from underneath a floor-length curtain

and left through the front door without saying
good-bye. No apologies for its size, its legs
only slightly thinner than a pencil. None

of my cousins thought anything was wrong.
But it didn’t bite you! It left, no? I know what they
are thinking: She is the oldest grandchild

and not married. Afraid of spiders. But it’s not
that I’m squeamish, it’s not that I need to stand
on a chair if I spy a bug scooting along

my baseboards—I just want someone to notice
things. Someone who gasps at a gigantic jackfruit
still dangling from a thin branch, thirty feet

in the air. Someone who can see a dark cluster
of spider eyes and our two tiny faces—
smashed cheek to cheek—reflected in each.

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2015blue.nezhukumatathil (1)Aimee Nezhukumatathil is the author of three collections of poetry, most recently, Lucky Fish. With poet Ross Gay, she is the co-author of
the chapbook, Lace & Pyrite. Awards for her writing include an NEA Fellowship in poetry and the Pushcart Prize. She is the poetry editor of Orion magazine and her poems have appeared in the Best American Poetry series, American Poetry Review, New England Review, Poetry, and Tin House. She is professor of English at The State University of New York at Fredonia and in 2016-17, Nezhukumatathil will be the Grisham Writer-in-Residence at the University of Mississippi’s MFA program.

 

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Online Feature: “Superstar” by Joseph Kim

“My film is not about Vietnam. It is Vietnam.”

— Francis Ford Coppola

Bruce is yelling about how good the sushi is, how it cost him $300 for the platter and how he can not believe the “shit” I’ve decided to pull right now.

I tell him it’s not shit. I tell him I’m fine with eating sushi, even a yucky eel roll, but that I can not eat it like he wants me to.

“Christ, Angie,” he says, then places his hand on top of his head. His eyes roll.

I breathe in deeply.

Bruce gets up from his director’s chair. He’s a pretty nondescript guy. Some days he’ll wear glasses. Today he’s got on contacts. His eyes are grayish and his hair is sandy brown. He’s in his late-thirties with a medium build. He looks so average, has such unremarkable, unmemorable features, that I often joke with him that he should rob a bank, be a full-time criminal because nobody could possibly remember what he looked like. What would they say to the sketch artist or the cops working the line-up? They’d say he was a white guy and not get much beyond that. Bruce is like electrical wiring. There but not seen. It’s hard to think anyone so “invisible” could be dangerous. Even now, as he’s picking up an M-16 whose barrel looks bigger and longer than I remember.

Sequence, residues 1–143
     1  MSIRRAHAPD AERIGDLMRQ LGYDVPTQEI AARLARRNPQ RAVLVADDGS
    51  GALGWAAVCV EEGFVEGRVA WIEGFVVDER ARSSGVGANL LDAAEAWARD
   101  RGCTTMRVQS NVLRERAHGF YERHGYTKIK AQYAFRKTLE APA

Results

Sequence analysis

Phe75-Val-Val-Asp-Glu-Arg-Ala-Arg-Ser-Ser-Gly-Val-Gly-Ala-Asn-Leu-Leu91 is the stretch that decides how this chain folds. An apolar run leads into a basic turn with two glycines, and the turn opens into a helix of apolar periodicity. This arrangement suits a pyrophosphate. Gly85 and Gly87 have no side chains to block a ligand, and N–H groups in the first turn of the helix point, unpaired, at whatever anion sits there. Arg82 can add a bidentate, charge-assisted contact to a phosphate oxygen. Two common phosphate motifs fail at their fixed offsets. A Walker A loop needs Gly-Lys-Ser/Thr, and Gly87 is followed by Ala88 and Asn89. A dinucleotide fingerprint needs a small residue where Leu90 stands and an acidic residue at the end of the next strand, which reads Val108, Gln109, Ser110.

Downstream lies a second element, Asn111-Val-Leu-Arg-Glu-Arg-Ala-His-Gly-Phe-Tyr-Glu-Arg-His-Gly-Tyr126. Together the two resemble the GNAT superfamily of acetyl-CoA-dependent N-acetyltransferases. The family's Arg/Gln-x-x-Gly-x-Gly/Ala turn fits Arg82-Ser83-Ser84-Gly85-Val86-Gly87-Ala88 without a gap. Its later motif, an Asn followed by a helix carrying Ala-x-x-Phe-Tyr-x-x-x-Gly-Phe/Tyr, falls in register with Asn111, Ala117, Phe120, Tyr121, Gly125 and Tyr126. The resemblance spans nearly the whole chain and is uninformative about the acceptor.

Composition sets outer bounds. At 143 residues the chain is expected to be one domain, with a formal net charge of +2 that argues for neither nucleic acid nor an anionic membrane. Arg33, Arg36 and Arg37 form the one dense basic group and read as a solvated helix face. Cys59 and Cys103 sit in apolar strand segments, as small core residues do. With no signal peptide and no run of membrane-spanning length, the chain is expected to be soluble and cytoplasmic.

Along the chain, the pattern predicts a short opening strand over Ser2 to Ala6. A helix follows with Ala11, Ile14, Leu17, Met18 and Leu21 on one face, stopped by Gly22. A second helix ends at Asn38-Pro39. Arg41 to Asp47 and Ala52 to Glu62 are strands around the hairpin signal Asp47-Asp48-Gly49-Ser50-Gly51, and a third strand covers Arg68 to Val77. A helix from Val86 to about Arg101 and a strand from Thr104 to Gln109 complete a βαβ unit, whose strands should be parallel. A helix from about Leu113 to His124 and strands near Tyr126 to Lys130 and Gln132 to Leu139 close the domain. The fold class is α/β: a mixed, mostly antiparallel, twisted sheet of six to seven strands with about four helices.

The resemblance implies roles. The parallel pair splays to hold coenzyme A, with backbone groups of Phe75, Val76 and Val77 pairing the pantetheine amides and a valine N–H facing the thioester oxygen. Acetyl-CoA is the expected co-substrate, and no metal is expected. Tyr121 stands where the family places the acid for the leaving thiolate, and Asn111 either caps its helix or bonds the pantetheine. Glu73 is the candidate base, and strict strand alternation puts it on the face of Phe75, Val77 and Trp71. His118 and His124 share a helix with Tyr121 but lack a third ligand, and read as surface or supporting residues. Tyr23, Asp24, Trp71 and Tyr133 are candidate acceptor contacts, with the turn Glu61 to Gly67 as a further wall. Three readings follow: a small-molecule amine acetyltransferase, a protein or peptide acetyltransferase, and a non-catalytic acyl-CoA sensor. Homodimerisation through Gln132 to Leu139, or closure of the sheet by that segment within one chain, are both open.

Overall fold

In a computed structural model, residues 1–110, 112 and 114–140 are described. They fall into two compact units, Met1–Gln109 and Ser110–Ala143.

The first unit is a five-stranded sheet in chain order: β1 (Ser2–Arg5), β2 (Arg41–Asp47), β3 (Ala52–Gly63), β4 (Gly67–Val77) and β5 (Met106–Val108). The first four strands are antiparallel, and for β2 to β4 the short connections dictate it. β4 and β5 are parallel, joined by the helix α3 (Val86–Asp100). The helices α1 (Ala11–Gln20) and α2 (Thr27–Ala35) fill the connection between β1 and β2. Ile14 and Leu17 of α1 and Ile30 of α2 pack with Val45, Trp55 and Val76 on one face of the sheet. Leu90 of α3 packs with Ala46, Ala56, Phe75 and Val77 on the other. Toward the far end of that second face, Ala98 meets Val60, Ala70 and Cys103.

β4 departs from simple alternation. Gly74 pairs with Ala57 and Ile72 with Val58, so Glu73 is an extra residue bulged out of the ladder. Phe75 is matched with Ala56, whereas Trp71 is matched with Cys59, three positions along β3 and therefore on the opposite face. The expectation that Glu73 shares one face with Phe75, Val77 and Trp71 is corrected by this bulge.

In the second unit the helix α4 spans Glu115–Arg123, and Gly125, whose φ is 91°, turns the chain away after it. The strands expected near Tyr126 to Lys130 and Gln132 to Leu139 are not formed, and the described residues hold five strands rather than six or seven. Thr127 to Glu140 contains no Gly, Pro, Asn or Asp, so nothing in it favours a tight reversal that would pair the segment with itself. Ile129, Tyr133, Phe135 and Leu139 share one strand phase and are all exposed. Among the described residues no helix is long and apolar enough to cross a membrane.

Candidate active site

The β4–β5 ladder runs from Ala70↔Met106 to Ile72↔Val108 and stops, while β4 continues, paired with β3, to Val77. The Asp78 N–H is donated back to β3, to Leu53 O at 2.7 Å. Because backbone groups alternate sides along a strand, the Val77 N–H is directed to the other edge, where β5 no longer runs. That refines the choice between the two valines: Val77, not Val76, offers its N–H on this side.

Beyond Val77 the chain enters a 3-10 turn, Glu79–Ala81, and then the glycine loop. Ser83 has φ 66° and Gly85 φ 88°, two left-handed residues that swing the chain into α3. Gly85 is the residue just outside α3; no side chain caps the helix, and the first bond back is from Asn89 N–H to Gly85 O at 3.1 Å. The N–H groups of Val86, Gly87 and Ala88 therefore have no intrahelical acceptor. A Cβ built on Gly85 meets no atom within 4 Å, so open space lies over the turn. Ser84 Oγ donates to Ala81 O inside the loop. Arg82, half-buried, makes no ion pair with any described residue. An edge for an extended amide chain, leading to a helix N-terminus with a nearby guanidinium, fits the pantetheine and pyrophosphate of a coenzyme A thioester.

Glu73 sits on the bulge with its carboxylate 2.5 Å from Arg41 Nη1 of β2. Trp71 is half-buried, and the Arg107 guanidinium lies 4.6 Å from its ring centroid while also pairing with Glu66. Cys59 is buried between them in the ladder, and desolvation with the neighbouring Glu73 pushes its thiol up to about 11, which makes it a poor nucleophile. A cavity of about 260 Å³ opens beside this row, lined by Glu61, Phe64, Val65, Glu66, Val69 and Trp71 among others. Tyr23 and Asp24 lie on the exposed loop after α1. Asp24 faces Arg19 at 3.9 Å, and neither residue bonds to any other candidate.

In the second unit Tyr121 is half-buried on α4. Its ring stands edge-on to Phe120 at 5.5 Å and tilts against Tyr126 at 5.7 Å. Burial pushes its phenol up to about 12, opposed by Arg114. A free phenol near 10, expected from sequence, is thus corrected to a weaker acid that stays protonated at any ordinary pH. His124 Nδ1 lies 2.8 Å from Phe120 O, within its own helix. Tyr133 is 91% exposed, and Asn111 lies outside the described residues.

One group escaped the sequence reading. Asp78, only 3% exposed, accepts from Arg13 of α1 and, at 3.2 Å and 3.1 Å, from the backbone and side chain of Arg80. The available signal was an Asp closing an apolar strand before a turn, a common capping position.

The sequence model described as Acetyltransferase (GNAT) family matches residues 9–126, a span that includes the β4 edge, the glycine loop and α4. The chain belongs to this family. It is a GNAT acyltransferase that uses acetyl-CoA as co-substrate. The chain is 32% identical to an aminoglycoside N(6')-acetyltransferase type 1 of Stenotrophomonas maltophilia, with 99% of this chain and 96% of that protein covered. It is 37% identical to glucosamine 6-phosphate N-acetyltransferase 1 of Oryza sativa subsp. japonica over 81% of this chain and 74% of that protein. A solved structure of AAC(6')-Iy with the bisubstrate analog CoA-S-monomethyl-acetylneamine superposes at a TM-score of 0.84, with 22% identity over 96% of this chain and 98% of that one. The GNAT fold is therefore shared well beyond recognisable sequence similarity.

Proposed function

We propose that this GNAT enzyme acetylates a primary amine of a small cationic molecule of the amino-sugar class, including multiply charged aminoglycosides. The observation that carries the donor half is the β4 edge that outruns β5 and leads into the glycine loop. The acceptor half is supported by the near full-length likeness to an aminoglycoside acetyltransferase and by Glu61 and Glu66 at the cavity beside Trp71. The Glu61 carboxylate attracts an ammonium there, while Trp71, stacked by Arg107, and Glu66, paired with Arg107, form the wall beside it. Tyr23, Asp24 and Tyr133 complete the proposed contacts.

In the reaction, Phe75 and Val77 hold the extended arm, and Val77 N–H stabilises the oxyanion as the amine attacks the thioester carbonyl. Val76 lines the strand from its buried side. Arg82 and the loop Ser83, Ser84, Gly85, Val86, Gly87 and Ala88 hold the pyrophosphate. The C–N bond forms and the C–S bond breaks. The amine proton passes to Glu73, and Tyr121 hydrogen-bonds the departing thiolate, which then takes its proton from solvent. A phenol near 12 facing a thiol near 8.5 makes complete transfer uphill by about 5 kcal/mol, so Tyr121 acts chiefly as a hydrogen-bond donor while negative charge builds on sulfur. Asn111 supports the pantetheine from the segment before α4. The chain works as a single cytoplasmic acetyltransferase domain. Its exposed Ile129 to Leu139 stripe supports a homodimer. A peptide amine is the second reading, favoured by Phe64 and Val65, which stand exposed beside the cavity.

“What about this?” he says, holding it towards me. “You ready for this?”

And I reply in a voice calculated to be so nonchalant that it fools everyone, even myself:

“Yeah.” Read more…

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Online Feature: “Bucolic Calling” by Rebecca Lehmann

 

These were the times to fear. We were already falling. And had been. What we wanted were purple slugs, a slime to sing to. Give us the pretty girls, the pretty boys, the little child dead and mossy at the bottom of the well. Our hands against the stones were pounding, were pounding and bloody palmed. Look at us, at the bottom of the false wooden bottom, playing a joke on Mom. Look at her face, twisted with terror. But such was the age of us. We with our sunburned cheeks, with our frostbitten toes. We didn’t care if they fell off. We wanted them to. We begged for it: Please, please, God of the Toes, take ours as sacrifice and bring us a field of moist corn stalks and pig shit. In the apple orchard the sticks stung like meanies. We unzipped ourselves and climbed the stout trunks. I had an apple in my hand and it was bruising as I threw it, the air pushing its skin in. Yours was a rotten one, already bruised and flying apart in the apple leaves, depositing its brown and mushy flesh in splatters. This was the way we came and Mom was in the gravel road crying and we laughed at her. We laughed and we laughed at her silly poor-person jacket and we laughed at her face, and at her silly tears.

This poem appeared in Indiana Review 31.1, Summer 2009.

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Rebecca Lehmann is the author of Between the Crackups (Salt, 2011). Her poems are published or forthcoming in Fence, Ploughshares, Boston Review, and other journals. She teaches creative writing at SUNY Potsdam.